The bienenstich, which in German translates to “bee sting,” is a delicious dessert, but I am reluctant to call it a “cake.” It’s made on a yeasty sweet bread, you see, and is a little more savory than you’d expect for something you’d give to someone for their birthday. What it loses sweetness in the body, it makes up for on top, with its crunchy, honey almond coat. MM. was it good. It’s kinda like caramel, but I hate caramel. And I loved this. Honey caramel. I giant, almondy, bit o’ honey melted onto some bread.

What’s even better about this cake is the history. Well, questionable history. I read quite a few sources that say this cake’s name was founded in the 15th century after German raiders successfully conquered a neighboring village by flinging swarming beehives into the throng. I like to think that they were vikings. Honey-crazed vikings.

It’s probably myth, but for the sake of this cake (and for it’s devious tastiness) let’s say that it’s true. I mean, the cake itself is practically a battle in and of itself. This cake took me almost four hours to make. In Francisco-time, that’s two episodes of Freaks and Geeks, and then my library discovery for the day, The Harvey Girls, which, sidenote, is the gayest movie I’ve ever seen.

photo (16)

the most photogenic cake in the world.

I’ve altered our lady Deb’s recipe just a bit. Copied and pasted almost exactly* from the Smitten Kitchen recipe.

2 1/4 teaspoons (or 1 1/4-ounce package) instant yeast (not active dry) (also sold as rapid rise or bread machine yeast)
3/4 cup whole milk, ideally at room temperature
1/4 cup granulated sugar
2 cups all-purpose flour
3/4 teaspoon table salt
2 large eggs, ideally at room temperature
4 tablespoons unsalted butter, at room temperature

Honey-Almond-Crunch Topping
6 tablespoons unsalted butter, cold is fine
1/3 cup granulated sugar
3 tablespoons honey
2 tablespoons heavy cream
1 1/2 cups (4 3/4 ounces) sliced almonds
Two pinches of sea salt

Pastry Cream Filling
1 cup whole milk
1 teaspoon pure vanilla extract
3 large egg yolks
1/4 cup granulated sugar
3 tablespoons all-purpose flour or cornstarch [updated]
2 pinches sea salt
3ish tablespoons honey
2 tablespoons unsalted butter, cold is fine

*I added more honey, duh.

Real quick note: I didn’t want to buy whole milk and then waste the rest, so I used skim milk and then bought a very tiny carton of heavy cream, adding 3 tablespoons of cream per 1 cup of milk. Easy!

CAKE: Combine all of the cake ingredients in a  bowl, stirring till it combined and battery, then stirring for two minutes more. In a stand mixer, you can mix this with the paddle attachment OR you can make like me and use a little elbow grease at low-medium speed for 2 to 3 minutes.

Get all the batter off of the sides of the bowl and then cover with plastic wrap to let rise for an hour. It won’t rise that much. Don’t get excited.

Meanwhile, we gotta make the honey crunchy yummy top. In medium saucepan over medium heat, heat the butter, sugar, honey, cream and salt until the butter is melted. Bring to a simmer and let it boil for 3 to 5 minutes, until the mixture gets a hair darker and looks like some gaseous planet.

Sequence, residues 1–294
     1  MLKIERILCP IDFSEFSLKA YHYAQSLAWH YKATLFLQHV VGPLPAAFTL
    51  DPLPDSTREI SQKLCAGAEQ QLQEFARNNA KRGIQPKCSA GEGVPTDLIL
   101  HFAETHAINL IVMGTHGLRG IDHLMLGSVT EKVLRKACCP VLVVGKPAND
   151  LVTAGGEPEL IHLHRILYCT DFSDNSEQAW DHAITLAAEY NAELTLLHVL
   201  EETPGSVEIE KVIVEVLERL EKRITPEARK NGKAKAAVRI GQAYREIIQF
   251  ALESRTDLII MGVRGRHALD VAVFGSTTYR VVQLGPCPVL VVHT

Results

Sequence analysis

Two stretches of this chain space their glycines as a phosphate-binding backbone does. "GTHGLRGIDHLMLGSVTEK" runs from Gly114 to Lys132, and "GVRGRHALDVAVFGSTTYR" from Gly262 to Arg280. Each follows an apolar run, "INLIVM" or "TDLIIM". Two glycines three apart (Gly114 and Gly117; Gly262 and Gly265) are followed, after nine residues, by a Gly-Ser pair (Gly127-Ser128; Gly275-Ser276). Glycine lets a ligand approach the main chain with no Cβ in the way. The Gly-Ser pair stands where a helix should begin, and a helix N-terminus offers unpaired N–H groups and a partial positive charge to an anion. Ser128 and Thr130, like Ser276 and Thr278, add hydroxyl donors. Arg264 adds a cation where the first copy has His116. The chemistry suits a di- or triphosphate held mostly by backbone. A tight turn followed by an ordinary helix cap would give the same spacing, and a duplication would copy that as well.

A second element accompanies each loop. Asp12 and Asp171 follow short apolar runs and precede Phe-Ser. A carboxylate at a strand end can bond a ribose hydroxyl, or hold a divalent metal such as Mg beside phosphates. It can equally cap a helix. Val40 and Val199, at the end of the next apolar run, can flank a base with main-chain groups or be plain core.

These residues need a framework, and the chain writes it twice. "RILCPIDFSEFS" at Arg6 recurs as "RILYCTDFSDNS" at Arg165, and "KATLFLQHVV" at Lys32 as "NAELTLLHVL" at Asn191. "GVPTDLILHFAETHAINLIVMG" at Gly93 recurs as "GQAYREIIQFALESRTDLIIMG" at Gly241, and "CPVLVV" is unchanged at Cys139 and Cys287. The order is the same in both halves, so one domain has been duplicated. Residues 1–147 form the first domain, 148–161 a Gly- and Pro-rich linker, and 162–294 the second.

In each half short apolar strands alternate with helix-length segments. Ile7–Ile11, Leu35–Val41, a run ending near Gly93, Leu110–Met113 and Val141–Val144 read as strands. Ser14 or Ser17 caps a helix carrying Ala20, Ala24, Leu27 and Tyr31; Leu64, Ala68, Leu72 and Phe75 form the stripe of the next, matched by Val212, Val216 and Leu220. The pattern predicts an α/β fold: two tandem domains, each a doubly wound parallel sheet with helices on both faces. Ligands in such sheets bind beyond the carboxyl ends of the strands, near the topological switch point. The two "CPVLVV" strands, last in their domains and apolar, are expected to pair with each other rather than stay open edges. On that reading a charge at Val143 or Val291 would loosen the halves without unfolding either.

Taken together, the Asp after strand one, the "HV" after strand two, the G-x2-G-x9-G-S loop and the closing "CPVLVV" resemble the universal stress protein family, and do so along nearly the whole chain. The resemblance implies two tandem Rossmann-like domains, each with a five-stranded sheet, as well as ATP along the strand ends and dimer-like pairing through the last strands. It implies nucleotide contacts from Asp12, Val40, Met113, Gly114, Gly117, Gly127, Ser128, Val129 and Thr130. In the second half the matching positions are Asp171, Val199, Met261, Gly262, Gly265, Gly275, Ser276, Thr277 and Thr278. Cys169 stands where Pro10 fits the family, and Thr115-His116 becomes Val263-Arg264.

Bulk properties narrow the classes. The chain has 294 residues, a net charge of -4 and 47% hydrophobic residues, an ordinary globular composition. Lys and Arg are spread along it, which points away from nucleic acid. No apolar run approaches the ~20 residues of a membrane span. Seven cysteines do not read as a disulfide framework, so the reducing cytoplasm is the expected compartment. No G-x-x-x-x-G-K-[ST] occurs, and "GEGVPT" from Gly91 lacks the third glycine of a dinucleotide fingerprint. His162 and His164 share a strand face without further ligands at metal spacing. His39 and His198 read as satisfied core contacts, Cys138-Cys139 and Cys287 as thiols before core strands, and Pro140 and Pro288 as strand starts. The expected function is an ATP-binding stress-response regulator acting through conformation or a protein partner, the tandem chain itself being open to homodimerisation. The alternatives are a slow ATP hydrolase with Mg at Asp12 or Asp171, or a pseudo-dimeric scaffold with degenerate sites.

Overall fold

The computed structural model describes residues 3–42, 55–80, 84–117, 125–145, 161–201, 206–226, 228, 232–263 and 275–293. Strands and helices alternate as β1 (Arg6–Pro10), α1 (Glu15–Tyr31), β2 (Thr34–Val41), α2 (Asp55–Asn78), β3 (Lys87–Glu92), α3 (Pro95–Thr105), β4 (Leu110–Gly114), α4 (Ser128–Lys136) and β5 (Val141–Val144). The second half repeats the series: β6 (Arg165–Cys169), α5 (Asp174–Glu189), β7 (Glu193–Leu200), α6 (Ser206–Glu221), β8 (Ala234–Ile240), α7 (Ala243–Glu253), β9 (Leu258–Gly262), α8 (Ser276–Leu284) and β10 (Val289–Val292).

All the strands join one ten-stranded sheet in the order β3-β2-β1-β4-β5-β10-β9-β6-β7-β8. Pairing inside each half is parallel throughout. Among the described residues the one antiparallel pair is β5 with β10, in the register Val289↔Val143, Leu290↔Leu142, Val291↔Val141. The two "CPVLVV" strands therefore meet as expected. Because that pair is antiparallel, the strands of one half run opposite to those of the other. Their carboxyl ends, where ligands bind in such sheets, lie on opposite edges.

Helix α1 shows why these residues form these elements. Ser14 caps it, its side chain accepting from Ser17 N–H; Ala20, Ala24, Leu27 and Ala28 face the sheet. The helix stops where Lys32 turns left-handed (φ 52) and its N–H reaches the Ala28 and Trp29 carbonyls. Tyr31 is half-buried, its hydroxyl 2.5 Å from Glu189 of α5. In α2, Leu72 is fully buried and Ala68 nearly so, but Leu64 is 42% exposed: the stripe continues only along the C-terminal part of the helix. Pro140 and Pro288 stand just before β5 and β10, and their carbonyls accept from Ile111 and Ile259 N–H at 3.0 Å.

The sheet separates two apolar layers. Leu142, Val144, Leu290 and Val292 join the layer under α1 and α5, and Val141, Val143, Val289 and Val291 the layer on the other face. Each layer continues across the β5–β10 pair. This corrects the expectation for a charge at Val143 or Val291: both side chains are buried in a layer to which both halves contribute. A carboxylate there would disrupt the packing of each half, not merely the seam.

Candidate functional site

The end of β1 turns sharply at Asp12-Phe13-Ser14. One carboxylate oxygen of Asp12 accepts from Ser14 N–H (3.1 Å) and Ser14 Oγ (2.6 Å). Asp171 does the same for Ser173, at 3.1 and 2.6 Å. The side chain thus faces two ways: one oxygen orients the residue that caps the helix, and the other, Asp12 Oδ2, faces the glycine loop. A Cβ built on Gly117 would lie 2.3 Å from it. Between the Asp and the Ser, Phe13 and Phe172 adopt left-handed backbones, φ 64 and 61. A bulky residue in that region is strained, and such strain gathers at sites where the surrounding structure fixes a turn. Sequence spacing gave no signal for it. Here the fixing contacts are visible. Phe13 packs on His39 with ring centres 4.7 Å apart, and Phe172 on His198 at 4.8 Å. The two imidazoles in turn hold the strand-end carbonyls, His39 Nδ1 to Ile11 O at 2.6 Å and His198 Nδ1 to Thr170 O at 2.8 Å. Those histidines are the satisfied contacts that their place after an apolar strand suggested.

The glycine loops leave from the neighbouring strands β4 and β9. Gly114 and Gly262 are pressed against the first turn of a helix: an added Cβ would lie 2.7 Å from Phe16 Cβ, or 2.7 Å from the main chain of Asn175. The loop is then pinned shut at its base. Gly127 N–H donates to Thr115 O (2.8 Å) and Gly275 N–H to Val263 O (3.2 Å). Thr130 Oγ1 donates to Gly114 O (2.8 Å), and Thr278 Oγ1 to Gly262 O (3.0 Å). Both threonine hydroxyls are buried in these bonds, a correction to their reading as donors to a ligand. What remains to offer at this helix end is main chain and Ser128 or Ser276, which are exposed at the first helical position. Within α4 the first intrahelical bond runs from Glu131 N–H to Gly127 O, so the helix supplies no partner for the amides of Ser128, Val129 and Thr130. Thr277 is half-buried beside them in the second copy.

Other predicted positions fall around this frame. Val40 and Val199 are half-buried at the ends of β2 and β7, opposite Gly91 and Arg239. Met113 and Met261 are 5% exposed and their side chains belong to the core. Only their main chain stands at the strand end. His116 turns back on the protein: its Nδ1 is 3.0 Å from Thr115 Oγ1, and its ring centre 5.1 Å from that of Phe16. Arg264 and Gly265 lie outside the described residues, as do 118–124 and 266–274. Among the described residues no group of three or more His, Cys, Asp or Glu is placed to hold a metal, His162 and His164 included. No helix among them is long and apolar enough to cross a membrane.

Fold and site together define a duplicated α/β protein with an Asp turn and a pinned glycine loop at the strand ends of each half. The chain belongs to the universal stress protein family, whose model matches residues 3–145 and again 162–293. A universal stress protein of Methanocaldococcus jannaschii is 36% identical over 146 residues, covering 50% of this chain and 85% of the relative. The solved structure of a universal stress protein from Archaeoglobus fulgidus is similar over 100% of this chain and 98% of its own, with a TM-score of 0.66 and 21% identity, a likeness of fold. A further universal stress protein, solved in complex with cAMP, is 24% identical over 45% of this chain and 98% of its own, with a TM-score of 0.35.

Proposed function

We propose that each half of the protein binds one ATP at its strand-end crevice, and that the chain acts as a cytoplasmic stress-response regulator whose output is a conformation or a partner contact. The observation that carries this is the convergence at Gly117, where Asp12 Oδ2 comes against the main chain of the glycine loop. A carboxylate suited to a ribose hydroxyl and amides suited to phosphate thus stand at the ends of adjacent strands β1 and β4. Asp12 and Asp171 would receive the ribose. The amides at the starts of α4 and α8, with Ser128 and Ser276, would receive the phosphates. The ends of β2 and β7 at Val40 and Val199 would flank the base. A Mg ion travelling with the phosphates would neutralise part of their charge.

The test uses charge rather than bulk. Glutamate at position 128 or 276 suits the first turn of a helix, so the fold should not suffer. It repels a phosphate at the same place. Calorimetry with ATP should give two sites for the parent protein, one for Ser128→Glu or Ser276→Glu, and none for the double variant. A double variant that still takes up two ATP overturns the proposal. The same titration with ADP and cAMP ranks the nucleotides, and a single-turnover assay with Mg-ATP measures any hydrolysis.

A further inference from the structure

photo (10)

it was like this.

photo (11)

and then like this.

Then add the almonds. It’ll get real thick and candy-like but don’t sweat it. Set it aside to cool.

photo (12)

Butter and flour a 8-inch round cake pan. I only had a 10 inch, which is why my cake is a little thin, but if you have something even smaller, go for it. Deflate the batter and then nudge it until it fills the bottom of the pan. Cover again with plastic wrap  and set aside for another 30 minutes.

Heat your oven to 350 degrees.

Once the cake has finished its second rise (that little guy still won’t rise that much, but don’t worry, every dog has his day) you gotta put the almond crunchy stuff on the cake. It doesn’t really “spread” per se, because it’s thick like a melty granola bar. Me? I made like the 15th century viking raiders and used my hands to evenly plop the almond goop on top. If it’s super chunky and worrisome on top, know that everything is going to flatten out once it gets into the oven. It’s quite picturesque.

photo (14)

Bake cake for 20 to 25 minutes, until top is bronzed and toothpick inserted into the center comes out batter-free. The caramel stuff will start to bubble and look super scary, but it settles and soaks as soon as the cake comes out of the oven, so don’t fret.

Transfer to a cooling rack and after it sits a bit, run a knife around the circumference to free it from its spring form clutches. Let it cool and yea, you’ll have to reassemble the cake a little bit. The almonds will no doubt fall off and goop and be weird but just tack ’em back on.

The pastry filling part deserves your full attention. It’s easy to mess up. Don’t try at multi-tasking by doing your whisking while watching the bar fight scene of The Harvey Girls on your laptop. I had to rewind it twice.

To make the pastry filling, which you might want to do while the dough is rising the second time, Warm milk in a medium saucepan. Slowly drizzle 1-2 tablespoons of honey into the milk and warm it. It is necessary to taste the milk & honey mixture. Pour into a small bowl or cup, and set aside. Do this next part quickly! You don’t want the milk to cool too much.